[10] His philological knowledge as we shall see was also complemented on Mount Athos by his intensive occupation with the Church Fathers.
[11] Deno. J Geanakoplos, ‘The Post-Byzantine Athonite Monk Maximos “the Greek”: Reformer of Orthodoxy in Sixteenth-Century Muscovy’, Greek Orthodox Theological Review 33 (1988): 447-448.
[12] Obolensky, op. cit., 203.
[13] Obolensky, op. cit., 204.
[14] Obolensky, op. cit., 204.
[15] Geanakoplos writes that Maximos may have been dissatisfied with the “secular Italian humanist attitudes and mode of life – not to underrate his always intense attraction to the Orthodox monastic life”. Geanakoplos, op. cit., 448.
[16] A plausible explanation is related by Archimandrite Ephraim: “St. Maximos, however, gave himself over to an intense search for authentic way of Christian life, having seen for himself the nakedness of humankind bereft of God’s Grace while living in Italy, where Renaissance humanism was then flourishing.” Archimandrite Ephraim, op. cit.. Along similar lines Pospielovksy writes Maximos was “disappointed in Roman Catholicism, he returned to Orthodoxy, became a monk on Mt Athos, and even wrote several polemical tracts against the Latins.” Dimitry Pospielovsky, The Orthodox Church in the History of Russia (Crestwood, NY: St Vladimir’s Seminary Press, 1998), 64.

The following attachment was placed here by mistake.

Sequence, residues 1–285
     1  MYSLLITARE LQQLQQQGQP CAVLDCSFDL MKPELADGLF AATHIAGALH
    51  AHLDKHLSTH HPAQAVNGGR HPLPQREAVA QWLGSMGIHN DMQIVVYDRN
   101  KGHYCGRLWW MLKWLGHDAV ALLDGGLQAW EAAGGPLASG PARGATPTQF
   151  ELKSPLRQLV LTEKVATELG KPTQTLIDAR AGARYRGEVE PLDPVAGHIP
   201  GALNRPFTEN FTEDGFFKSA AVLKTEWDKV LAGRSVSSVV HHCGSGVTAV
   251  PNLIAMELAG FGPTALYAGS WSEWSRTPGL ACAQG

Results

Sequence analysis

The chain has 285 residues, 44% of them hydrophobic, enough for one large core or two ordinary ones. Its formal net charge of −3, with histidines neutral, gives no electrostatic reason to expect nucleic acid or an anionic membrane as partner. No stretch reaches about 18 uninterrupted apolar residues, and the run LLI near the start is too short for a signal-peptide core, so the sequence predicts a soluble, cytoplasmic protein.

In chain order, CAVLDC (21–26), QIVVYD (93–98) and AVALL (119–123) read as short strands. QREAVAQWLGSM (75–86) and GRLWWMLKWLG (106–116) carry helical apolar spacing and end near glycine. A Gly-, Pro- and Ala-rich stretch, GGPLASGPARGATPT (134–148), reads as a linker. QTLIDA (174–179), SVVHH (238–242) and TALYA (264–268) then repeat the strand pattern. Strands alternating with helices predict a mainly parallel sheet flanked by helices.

[17] Obolensky, op. cit., 204. C.f. E. Denissoff, Maxime le Grec et l’Occident: Contribution a l’histoire de la penmsee religieuse et philosophique de Michel Trivolis (Paris-Louvain, 1942).
[18] It may very well have been because of the monstery’s rich Athonite manuscript library of Greek church fathers and ecclesiastical writings that he chose it. C.f. Geanakoplos, op. cit., 448.
[19] Obolensky, op. cit., 206.
[20] Mostly Greek epitaphs in verse.
[21] Obolensky, op. cit., 206.
[22] Obolensky, op. cit., 207.
[23] Archimandrite Ephraim, op. cit..
[24] Fr Drosos points out that “Russian sources do not explain clearly why Maximos was sent to Russia, though they state that he went there to seek contributions for his monastery. This is endorsed by his subsequent adversary, Bishop Daniel, who said that Maximos went ‘to beg for alms‘, because he asked Vasiliy not to forget the penury of the Holy Monastery of Vatopedi.” Fr Drosos, op. cit., 1018.